Method: Adsorbent: UFC DEAE (20-40 μm). The adsorbent is added to the column, which already contains a magnetic stirring bar. The adsorbent is washed with 0.1 M NaOH for 1 hour at a linear flow rate of 153 cm/h. The bed is allowed to settle and is left in 0.1 M NaOH overnight. The adsorbent is then equilibrated with 0.8 M potassium acetate, 10 mM EDTA, pH 5.5. The settled bed height is 5.5 cm corresponding to 4.3 ml adsorbent. The adsorbent is expanded to a height of 11.4 cm with equilibration buffer at a linear now rate of 153 cm/h and the magnetic stirrer is started with a speed of 750 rpm, which is kept constant throughout the experiment. The adjustable outlet of the column is placed approximately 1 cm above the expanded bed. Following equilibration for 2 hours, 40 ml of neutralised E. coli lysate is pumped through the column at a linear flow rate of 153 cm/h. The adsorbent is then washed with equilibration buffer for 26 min followed by 25 mM potassium acetate, 10 mM EDTA, pH 5.5 until the on-line absorbance signal reaches the base line on the chart recorder. Bound RNA is eluted from the adsorbent in a stepwise manner using 0.66 M NaCl (in 25 mM potassium acetate, 10 mM EDTA, pH 5.5). Plasmid DNA is then eluted by applying a linear ionic strength gradient starting from 0.66 M NaCl (in 25 mM potassium acetate, 10 mM EDTA, pH 5.5) and finishing at 1 M NaCl (in 25 mM potassium acetate, 10 mM EDTA, pH 5.5) in a period of 2 hours. Following elution, material still bound to the adsorbent is removed with a stripping buffer (2 M NaCl, 0.2 M NaOH). The liquid exiting the column is collected in 4 ml fractions and the compositions of each fraction are analysed by electrophoresis and assays for protein, RNA and DNA.

Comments/Conclusion:

Complete separation of RNA from DNA is achieved using the conditions described above (FIG. 2), and >95% of the protein is collected during sample loading. Nearly 80% of the supercoiled plasmid DNA applied to the expanded bed of UFC DEAE (20-40 μm) adsorbent is eluted in the applied linear gradient, and is completely free of RNA and protein.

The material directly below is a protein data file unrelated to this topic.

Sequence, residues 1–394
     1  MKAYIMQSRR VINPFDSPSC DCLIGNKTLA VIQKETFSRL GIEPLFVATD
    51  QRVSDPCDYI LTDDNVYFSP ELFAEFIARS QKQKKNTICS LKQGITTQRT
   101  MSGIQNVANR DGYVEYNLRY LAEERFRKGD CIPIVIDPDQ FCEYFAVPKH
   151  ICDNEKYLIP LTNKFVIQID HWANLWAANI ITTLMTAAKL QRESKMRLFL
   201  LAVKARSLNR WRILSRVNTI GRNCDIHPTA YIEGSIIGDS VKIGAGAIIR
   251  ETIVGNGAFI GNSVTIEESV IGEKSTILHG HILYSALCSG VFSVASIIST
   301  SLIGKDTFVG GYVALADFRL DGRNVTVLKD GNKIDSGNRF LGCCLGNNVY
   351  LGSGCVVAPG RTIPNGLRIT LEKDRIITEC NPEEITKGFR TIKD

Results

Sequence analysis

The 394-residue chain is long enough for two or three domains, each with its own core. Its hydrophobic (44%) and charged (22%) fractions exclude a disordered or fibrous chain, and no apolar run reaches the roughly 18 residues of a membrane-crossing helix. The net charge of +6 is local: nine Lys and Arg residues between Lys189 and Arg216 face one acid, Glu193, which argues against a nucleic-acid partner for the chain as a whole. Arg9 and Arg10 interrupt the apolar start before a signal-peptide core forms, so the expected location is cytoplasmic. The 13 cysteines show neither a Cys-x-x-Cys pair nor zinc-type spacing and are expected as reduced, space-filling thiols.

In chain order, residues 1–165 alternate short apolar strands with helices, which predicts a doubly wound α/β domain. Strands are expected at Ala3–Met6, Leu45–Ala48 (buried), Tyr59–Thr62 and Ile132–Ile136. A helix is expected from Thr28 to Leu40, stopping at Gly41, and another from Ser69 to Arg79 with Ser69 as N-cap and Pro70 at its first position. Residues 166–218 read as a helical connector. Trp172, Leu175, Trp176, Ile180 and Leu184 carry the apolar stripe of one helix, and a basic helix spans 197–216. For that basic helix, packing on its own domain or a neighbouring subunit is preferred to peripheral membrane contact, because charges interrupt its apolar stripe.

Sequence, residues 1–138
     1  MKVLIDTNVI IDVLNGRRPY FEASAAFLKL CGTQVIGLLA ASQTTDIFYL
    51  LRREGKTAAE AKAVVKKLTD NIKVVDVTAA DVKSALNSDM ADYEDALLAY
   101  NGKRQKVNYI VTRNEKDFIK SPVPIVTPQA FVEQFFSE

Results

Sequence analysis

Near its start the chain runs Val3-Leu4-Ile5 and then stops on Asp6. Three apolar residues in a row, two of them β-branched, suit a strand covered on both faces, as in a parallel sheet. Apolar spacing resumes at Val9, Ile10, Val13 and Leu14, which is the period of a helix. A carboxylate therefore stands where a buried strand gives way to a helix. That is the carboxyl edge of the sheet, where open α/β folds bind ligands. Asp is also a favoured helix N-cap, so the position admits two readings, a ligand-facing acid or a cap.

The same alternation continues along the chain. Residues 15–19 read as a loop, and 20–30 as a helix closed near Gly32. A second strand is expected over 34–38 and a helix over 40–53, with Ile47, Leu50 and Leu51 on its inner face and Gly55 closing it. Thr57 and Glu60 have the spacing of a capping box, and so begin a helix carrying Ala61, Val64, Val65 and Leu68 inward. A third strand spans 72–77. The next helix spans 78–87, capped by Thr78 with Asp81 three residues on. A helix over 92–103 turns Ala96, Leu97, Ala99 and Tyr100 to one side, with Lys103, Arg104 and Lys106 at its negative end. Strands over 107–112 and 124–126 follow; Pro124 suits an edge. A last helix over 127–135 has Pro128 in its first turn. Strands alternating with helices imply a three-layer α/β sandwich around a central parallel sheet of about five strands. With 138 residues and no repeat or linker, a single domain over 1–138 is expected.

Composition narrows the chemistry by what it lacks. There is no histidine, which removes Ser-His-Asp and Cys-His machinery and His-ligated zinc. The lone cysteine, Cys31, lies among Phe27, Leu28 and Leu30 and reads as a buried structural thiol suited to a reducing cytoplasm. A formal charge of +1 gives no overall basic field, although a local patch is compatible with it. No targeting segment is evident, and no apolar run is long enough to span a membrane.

Example 9

Separation of RNA and Plasmid DNA from Neutralised Escherichia coli Lysates Using UFC DEAE (20-40 μm) Adsorbent and Stepwise Ionic Strength Gradient Elution.

The feedstock used in this example is prepared as follows: an 8.5 kb runaway plasmid (pOU61) is transformed into Escherichia coli DH5-alpha cells and propagated by fermentation. Following fermentation cells are harvested by centrifugation, resuspended in an RNase (100 μg/ml) containing buffer and lysed under alkaline conditions in the presence of sodium dodecyl sulphate. The alkaline lysate is then neutralised with 3 M potassium acetate, pH 5.5 and the plasmid containing liquor drained from underneath a floating floc of denatured proteins and chromosomal DNA. The final DNA, RNA and protein contents of the neutralised lysate are 53 μg/mL, 650 μg/mL and 320 μg/mL respectively.

Equipment: FastLine™10 column, (1 cm in diameter and 30 cm in height), magnetic stirrer, GradiFrac™ System including a HiLoad Pump P-50, a fraction collector and a REC102 chart recorder.

Method: Adsorbent: UFC DEAE (20-40 μm). The adsorbent is added to the column, which already contains a magnetic stirring bar. The adsorbent is washed with 0.1 M NaOH for 1 hour at a linear flow rate of 153 cm/h. The bed is allowed to settle and is left in 0.1 M NaOH overnight. The adsorbent is then equilibrated with 0.8 M potassium acetate, 10 mM EDTA, pH 5.5. The settled bed height is 5.4 cm corresponding to 4.2 ml adsorbent. The adsorbent is expanded to a height of 11.3 cm with equilibration buffer at a linear flow rate of 153 cm/h and the magnetic stirrer is started with a speed of 750 rpm which is kept constant throughout the experiment. The adjustable outlet of the column is placed approximately 1 cm above the expanded bed. Following equilibration for 2 hours, 40 ml of neutralised Escherichia coli lysate is pumped through the column at a linear flow rate of 153 cm/h. The adsorbent is then washed with equilibration buffer for 25 min followed by 25 mM potassium acetate, 10 mM EDTA, pH 5.5 until the on-line absorbance signal reaches the base line on the chart recorder. Bound RNA is eluted from the adsorbent using 0.66 M NaCl (in 25 mM potassium acetate, 10 mM EDTA, pH 5.5). Plasmid DNA is then eluted using 1 M NaCl (in 25 mM potassium acetate, 10 mM EDTA, pH 5.5). Following elution, material still bound to the adsorbent is removed with a stripping buffer (2 M NaCl, 0.2 M NaOH). The liquid exiting the column is collected in 4 ml fractions and the compositions of each fraction are analysed by electrophoresis and assays for protein, RNA and DNA.

Comments/conclusion: By applying a simple stepwise ionic strength gradient elution, separation of RNA from DNA is achieved (FIG. 3). Recovery of supercoiled plasmid DNA is >75%.

Example 10

Affinity Capture of Plasmid DNA from Escherichia coli Lysates Using UFC (20-40 μm) Adsorbent Derivatised with an Affinity Ligand.